Ten patients (28.6%) with ischemic lesions in border-zone areas were identified, and 9 of them were associated with a superficial or deep territorial lesion. This was the other most frequent topographical pattern. Several authors previously assumed that the mechanism of border-zone infarcts was hemodynamic based on the computed tomography or MRI topography of these infarcts.2732 However, Belden et al33 reported in 1999 that embolism was the predominant stroke mechanism in unilateral posterior border-zone infarcts, whereas bilateral lesions were due to systemic hypotension. They suggested that variability of the territories of the major cerebral arteries,3436 the passage of emboli to the border-zone areas, and the decreased clearance (washout) of the emboli in these areas37 could be explanations for the unilateral border-zone lesions.33 The coexistence of a border-zone lesion with multiple embolic infarcts on DWI has recently been documented in patients with neurologic complications after cardiac surgery.38 As postulated by Caplan and Hennerici,37 altered physics of blood flow probably caused by decreased perfusion in hemodynamically significant ICA disease may encourage emboli to reach border-zone regions, and decreased blood flow also likely impedes clearance of emboli because perfusion is most impaired in border-zone regions. The fact that no patient in our study had a documented systemic hypotension and border-zone infarction was mostly associated with a territorial infarct supports the idea that the mechanism of border-zone infarct is predominantly embolic.

Bilateral hemispheric infarcts associated with bilateral ICA disease were identified in 3 patients (8.6%). All 3 patients had elevated fibrinogen levels. We believe that bilateral cerebral infarcts were probably caused by bilateral ICA disease because we could not find either potential cardiac sources of embolism or any systemic causes for stroke in these patients. It was previously reported that bilateral cerebral infarcts were caused mainly by large artery atherosclerosis and were significantly associated with malignancy, an elevated fibrinogen level, and polycythemia.10 Although the factors that determine the contemporary bilateral infarcts remain still unclear, hypercoagulable state, infection, or inflammatory process might increase acute-phase reactants and render bilateral ICA occlusive lesions symptomatic at the same time.

Bogousslavsky and Regli15,30 reported that syncope at onset, focal limb shaking, hemodynamically significant cardiopathy, increased hematocrit, or severe contralateral ICA disease were significantly associated with unilateral border-zone infarction. However, no patient with syncope at onset or focal limb shaking was identified in this study. Furthermore, no difference was found between the patients with territorial lesion alone and those with border-zone lesion in terms of the mode of stroke onset and symptom progression, a previous history of transient ischemic attack, an elevated fibrinogen level, bilaterality of ICA disease, the degree of stenosis, and cerebral perfusion status. This again suggested an embolic mechanism for these infarcts.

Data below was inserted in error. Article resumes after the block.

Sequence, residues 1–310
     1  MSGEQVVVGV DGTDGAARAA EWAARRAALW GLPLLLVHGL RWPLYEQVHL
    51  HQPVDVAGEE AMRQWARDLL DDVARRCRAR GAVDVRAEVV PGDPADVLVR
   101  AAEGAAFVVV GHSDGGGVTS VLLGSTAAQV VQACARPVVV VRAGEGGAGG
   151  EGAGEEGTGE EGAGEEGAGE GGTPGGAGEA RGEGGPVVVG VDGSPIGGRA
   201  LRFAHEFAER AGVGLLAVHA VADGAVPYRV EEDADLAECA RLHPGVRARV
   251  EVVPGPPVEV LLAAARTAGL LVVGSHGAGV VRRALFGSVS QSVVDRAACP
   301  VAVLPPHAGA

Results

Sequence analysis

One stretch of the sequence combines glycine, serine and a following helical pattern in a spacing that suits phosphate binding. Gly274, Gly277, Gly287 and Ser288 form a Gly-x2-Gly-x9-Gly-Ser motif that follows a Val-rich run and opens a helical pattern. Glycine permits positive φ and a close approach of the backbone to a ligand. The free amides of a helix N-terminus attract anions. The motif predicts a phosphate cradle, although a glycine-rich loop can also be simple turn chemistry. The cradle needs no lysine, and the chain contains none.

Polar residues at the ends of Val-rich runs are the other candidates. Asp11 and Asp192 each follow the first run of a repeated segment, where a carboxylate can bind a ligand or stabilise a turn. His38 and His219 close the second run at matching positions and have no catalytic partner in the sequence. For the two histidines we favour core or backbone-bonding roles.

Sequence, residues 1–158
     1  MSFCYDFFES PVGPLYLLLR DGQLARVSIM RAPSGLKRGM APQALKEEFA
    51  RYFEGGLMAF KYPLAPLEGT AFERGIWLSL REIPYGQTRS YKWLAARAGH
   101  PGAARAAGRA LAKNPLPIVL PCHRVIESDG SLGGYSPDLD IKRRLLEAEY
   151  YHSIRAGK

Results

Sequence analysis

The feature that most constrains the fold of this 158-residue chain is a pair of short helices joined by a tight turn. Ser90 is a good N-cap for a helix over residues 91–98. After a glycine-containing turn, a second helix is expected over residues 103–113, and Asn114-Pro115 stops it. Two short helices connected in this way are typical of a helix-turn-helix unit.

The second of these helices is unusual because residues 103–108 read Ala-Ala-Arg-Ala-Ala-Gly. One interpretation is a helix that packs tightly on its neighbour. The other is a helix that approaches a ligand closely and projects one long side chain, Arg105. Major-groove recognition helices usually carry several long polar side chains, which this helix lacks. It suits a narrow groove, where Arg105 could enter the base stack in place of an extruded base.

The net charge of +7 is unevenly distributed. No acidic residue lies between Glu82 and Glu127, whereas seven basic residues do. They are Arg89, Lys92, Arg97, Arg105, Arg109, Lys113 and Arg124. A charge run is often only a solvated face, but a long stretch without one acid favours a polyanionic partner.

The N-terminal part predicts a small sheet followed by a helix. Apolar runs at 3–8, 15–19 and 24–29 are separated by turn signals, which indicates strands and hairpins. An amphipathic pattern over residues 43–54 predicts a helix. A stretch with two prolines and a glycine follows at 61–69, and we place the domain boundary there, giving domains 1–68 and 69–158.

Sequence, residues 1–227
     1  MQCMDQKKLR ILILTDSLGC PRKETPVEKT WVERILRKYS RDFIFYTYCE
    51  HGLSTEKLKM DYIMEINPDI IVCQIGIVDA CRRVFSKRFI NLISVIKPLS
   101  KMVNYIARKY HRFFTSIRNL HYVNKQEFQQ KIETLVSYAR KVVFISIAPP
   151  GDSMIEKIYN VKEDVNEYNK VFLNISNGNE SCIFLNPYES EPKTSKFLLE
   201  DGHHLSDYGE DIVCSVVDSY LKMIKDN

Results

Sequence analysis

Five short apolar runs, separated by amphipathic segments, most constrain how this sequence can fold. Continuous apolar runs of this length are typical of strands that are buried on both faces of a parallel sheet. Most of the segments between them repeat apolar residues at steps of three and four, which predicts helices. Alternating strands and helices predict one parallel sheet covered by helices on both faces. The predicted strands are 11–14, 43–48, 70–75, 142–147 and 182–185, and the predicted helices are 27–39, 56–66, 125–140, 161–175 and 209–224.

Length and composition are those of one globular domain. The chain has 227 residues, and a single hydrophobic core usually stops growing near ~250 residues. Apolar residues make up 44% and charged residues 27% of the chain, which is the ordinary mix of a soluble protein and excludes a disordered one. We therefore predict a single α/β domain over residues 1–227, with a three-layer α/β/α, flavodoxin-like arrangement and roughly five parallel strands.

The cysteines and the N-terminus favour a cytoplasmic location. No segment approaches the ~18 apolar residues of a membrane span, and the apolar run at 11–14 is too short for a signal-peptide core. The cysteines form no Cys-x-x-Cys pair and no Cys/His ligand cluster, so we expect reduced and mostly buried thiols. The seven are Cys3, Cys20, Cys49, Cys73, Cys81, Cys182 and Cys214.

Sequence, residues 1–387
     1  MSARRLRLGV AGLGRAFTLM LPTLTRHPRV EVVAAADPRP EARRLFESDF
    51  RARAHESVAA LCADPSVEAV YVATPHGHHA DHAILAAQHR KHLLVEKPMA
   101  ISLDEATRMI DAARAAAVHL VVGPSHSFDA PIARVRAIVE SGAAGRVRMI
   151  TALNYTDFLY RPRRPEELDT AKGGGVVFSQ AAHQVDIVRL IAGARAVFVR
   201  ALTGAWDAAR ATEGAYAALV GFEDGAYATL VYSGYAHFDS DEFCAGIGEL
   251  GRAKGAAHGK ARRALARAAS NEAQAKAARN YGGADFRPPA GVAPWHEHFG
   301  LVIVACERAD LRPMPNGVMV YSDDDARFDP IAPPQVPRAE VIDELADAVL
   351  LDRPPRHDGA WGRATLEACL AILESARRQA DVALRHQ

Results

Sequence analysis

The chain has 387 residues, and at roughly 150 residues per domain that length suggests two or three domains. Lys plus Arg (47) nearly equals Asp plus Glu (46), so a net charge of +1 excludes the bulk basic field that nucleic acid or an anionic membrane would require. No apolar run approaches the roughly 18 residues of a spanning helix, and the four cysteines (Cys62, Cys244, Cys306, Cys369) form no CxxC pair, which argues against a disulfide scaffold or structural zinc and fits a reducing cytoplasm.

CONCLUSIONS

This study shows that the ischemic lesion patterns caused by ICA occlusive disease are mainly multiple, and most border-zone ischemic lesions are accompanied by territorial ischemia. We suggest that these results provide supporting evidence that embolism is the predominant stroke mechanism in patients who have ICA disease.

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Article Information

Accepted for publication April 5, 2002.

Author contributions: Study concept and design (Drs Kang, Chu, Ko, Yoon, and Roh); acquisition of data (Drs Kang, Chu, Ko, Kwon, and Yoon); analysis and interpretation of data (Drs Kang, Chu, Ko, and Yoon); drafting of the manuscript (Drs Kang, Chu, Ko, and Yoon); critical revision of the manuscript for important intellectual content (Drs Kang, Chu, Ko, Kwon, and Yoon); obtained funding (Dr Roh); administrative, technical, and material support (Drs Kang, Chu, Ko, Yoon, and Roh); study supervision (Drs Kang, Chu, Ko, Yoon, and Roh).

This study was supported by the Seoul National University Hospital Research Fund.

Corresponding author and reprints: Jae-Kyu Roh, MD, PhD, Department of Neurology, Seoul National University Hospital, 28 Yongon-dong, Chongno-gu, Seoul, 110-744, South Korea (e-mail: rohjk@snu.ac.kr).

References
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Mohr  JPGautier  JCPessin  MS Internal carotid artery disease.  In: Barnett  HJM, Mohr  JP, Stein  BM, Yatsu  FM, eds. Stroke: Pathophysiology, Diagnosis, and Management. Philadelphia, Pa: WB Saunders Co; 1998:355-400.
2.
Adams  JHBrierley  JBConnor  RCTreip  CS The effects of systemic hypotension upon the human brain: clinical and neuropathological observations in 11 cases. Brain.1966;89:235-268.
3.
Brierley  JBPrior  PFCalverley  JJackson  SJBrown  AW The pathogenesis of ischaemic neuronal damage along the cerebral arterial boundary zones in Papio anubisBrain.1980;103:929-965.
4.
Schabitz  WRFisher  M Diffusion weighted imaging for acute cerebral infarction. Neurol Res.1995;17:270-274.
5.
Warach  SGaa  JSiewert  BWielopolski  PEdelman  RR Acute human stroke studied by whole brain echo planar diffusion-weighted magnetic resonance imaging. Ann Neurol.1995;37:231-241.
6.
Lutsep  HLAlbers  GWde Crespigny  AKamat  GNMarks  MPMoseley  ME Clinical utility of diffusion-weighted magnetic resonance imaging in the assessment of ischemic stroke. Ann Neurol.1997;41:574-580.
7.
Schlaug  GSiewert  BBenfield  AEdelman  RRWarach  S Time course of the apparent diffusion coefficient (ADC) abnormality in human stroke. Neurology.1997;49:113-119.
8.
Singer  MBChong  JLu  DSchonewille  WJTuhrim  SAtlas  SW Diffusion-weighted MRI in acute subcortical infarction. Stroke.1998;29:133-136.
9.
Baird  AELovblad  KOSchlaug  GEdelman  RRWarach  S Multiple acute stroke syndrome: marker of embolic disease? Neurology.2000;54:674-678.
10.